Working with Request Manager in SharePoint 2013

I haven't seen a lot of information out and about on this yet, so I thought I'd take a little time to frankly - get into some PowerShell - for Request Manager (RM). For those of you who aren't familiar with RM, it's a new piece of SharePoint 2013 designed to do SharePoint request routing and throttling. By having knowledge over the nature of incoming requests – for example, the user agent, requested URL, or source IP – SharePoint can customize the response to each request. It can route it based on rules you define, or it can throttle the request completely. RM rules are applied per web app, just like throttling is done in SharePoint 2010. 

At a high level, the goals of RM are this:

  • RM can route to WFEs with better health, keeping low-health WFEs alive
  • RM can identify harmful requests and deny them immediately
  • RM can prioritize requests by throttling lower-priority ones (bots) to serve higher-priority ones (end-users)
  • RM can send all requests of specific type, like search for example, to specific machines
  • Isolated traffic can help troubleshoot errors on one machine
  • RM can send heavy requests to more powerful WFEs

Routing and throttling rules are implemented like this:

  • Routing rules route requests and are associated with MachinePools
  • MachinePools contain servers
  • Servers use weights for routing – static weights and health weights
  • Static weights are constant for WFEs; health weights change dynamically based on health scores

Okay, so that's the basic overview of what they are - there should be other documentation on TechNet if you want more details on the features and use for RM. If you're reading this, I'm assuming you know enough about it (or are curious enough about it) that you want to actually do some work with it. So I'm just going to throw down some PowerShell here to help get you started. These are cmdlets that I've found useful when working with RM. The basic process you go through is something like this:

  • Get a reference to the SPWebApplication
  • Get a reference to the request management settings for the web application
  • Create one or more criteria
  • A request must match ALL criteria for a rule in order to match the rule (i.e. they are AND’d together)
  • Get a reference to a machine pool, or create a new one if needed
  • Add the rule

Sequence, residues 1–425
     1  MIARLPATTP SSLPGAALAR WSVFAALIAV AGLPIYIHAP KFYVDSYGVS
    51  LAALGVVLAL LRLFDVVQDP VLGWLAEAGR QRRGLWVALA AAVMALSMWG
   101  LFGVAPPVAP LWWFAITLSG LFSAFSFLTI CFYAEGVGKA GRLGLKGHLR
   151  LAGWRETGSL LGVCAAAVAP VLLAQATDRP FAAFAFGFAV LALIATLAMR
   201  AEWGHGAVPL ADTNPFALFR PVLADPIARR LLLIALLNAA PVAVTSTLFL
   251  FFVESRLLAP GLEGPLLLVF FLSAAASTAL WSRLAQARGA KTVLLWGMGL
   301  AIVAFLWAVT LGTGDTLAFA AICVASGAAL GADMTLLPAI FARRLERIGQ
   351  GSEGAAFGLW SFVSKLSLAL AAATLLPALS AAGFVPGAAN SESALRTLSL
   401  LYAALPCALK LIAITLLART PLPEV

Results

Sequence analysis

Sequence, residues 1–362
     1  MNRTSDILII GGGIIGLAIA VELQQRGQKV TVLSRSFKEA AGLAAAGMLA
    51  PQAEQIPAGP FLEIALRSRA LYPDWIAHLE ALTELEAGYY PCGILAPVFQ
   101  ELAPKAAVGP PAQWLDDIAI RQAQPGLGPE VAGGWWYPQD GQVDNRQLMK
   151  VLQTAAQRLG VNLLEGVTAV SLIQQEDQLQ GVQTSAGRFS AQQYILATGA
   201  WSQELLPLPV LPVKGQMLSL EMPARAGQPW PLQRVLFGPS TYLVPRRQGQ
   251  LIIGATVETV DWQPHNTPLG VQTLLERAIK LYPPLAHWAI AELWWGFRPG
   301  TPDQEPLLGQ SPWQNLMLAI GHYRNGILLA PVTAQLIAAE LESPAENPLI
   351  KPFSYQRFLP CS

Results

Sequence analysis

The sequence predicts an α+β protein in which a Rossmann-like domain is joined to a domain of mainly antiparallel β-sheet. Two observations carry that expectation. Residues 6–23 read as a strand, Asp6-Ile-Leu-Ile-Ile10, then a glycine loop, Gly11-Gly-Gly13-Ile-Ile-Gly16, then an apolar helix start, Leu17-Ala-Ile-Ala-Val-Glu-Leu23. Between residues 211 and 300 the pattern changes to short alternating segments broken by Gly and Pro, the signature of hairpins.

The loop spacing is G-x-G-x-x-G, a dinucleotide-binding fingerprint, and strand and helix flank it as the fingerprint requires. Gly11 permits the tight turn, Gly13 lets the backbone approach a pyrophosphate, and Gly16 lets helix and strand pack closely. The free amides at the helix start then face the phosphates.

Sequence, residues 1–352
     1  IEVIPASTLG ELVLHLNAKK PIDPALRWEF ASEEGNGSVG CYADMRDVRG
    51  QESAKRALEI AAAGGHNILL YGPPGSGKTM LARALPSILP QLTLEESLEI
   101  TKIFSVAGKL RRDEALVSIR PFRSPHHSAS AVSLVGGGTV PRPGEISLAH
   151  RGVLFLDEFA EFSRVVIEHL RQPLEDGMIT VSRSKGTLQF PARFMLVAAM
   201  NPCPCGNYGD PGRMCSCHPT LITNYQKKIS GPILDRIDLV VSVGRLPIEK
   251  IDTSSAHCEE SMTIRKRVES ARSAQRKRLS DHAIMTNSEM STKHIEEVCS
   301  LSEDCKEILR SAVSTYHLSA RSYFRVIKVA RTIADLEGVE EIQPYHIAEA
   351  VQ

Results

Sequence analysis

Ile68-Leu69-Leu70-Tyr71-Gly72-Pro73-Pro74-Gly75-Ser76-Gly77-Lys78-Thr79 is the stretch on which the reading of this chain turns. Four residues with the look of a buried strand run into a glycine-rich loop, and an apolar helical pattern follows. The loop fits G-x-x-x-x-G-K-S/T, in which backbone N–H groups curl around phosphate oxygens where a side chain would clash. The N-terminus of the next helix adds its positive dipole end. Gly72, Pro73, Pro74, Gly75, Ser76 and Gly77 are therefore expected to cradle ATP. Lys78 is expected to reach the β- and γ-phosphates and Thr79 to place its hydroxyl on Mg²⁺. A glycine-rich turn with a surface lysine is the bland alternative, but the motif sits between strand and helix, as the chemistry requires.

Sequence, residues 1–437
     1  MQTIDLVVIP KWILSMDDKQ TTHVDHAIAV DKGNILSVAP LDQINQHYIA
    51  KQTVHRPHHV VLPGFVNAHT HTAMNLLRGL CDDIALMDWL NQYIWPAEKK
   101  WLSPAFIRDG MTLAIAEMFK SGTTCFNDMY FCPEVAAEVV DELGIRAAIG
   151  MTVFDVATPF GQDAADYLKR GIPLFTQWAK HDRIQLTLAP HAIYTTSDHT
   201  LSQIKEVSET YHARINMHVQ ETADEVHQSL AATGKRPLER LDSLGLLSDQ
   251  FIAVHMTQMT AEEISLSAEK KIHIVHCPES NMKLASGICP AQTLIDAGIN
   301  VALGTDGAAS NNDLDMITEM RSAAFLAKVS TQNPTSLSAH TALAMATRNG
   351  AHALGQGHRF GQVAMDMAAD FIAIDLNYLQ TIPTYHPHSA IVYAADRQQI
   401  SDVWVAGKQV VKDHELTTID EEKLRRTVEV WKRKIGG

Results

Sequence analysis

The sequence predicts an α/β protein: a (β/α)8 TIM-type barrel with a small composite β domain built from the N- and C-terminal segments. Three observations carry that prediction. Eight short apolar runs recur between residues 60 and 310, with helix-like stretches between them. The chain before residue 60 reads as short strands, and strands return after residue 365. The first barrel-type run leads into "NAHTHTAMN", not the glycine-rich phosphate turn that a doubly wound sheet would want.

Let's walk through an example now:

#Get a reference to the SPWebApplication
$w = Get-SPWebApplication -identity https://foo

#Get a reference to the request management settings for the web application
$rmset = $w | Get-SPRequestManagementSettings

#Create one or more criteria
$criteria = New-SPRequestManagementRuleCriteria -Property Url -Value ".*\.docx" -MatchType Regex

#Get a reference to a machine pool, or create a new one if needed
$mp = Add-SPRoutingMachinePool -RequestManagementSettings $rmset -Name MyRulePool -MachineTargets ($rmset | Get-SPRoutingMachineInfo -Name WFE1)

#Add the rule
$rmset | Add-SPRoutingRule -Name "Word Doc Rule" -Criteria $criteria -MachinePool $mp

Let's look at that routing rule now:
$rr = $rmset | Get-SPRoutingRule -Name "Word Doc Rule"

#see the criteria

#change the expiration date and time of the routing rule
$rr.Expiration = "12/25/2013 5:00:00 PM"

There you go - now you have a routing rule. Creating a throttling rule is very similar:

#Add a new criteria rule that looks for OneNote requests. It can do this by examining the UserAgent in the request and looking for the header that OneNote uses.
$criteria = New-SPRequestManagementRuleCriteria -Property UserAgent -Value ".*Microsoft Office OneNote 2010*" -MatchType Regex

#Add a throttling rule that uses the criteria rule when the server health reaches a score of 8.
#Note that throttle rules apply to the entire web application, #not to individual machines so you don’t
#use a machine pool with it.
$rmset | Add-SPThrottlingRule -Name "OneNote Throttle Rule" -Criteria $criteria -Threshold 8

#now view all routing rules for the web application

#View all of the throttling rules


Let's look a little deeper at working with Machine Pools now:

#Get all routing machines that are available
Get-SPWebApplication | Get-SPRequestManagementSettings | Get-SPRoutingMachineInfo -Availability Available

#Get every machine in a specific pool
Get-SPWebApplication | Get-SPRequestManagementSettings | Get-SPRoutingMachinePool -Name yourPoolName | % { $_.MachineTargets} | Format-Table

#Add machine WFE1 to every machine pool for a particular web application; a million thanks to Tyler who helped me with this one - I ain't a PowerShell guy really
$a = Get-SPWebApplication -Identity https://contoso
$b = $a | Get-SPRequestManagementSettings | Get-SPRoutingMachineInfo -Name WFE1
Get-SPWebApplication | Get-SPRequestManagementSettings | Get-SPRoutingMachinePool | % { $_ | Set-SPRoutingMachinePool -machinetargets ($_.machinetargets + $b) }

#Add machine WFE1 to a specific pool
$a = Get-SPWebApplication -Identity https://contoso
$b = $a | Get-SPRequestManagementSettings | Get-SPRoutingMachineInfo -Name WFE1
$pool = $a | Get-SPRequestManagementSettings | Get-SPRoutingMachinePool -Name yourPoolName
$pool | Set-SPRoutingMachinePool -MachineTargets ($pool.MachineTargets + $b)

#Remove WFE1 from every machine pool
Get-SPWebApplication | Get-SPRequestManagementSettings | Get-SPRoutingMachineInfo -Name WFE1 | Remove-SPRoutingMachineInfo

Okay, there you have it folks. That should give you plenty to start working with.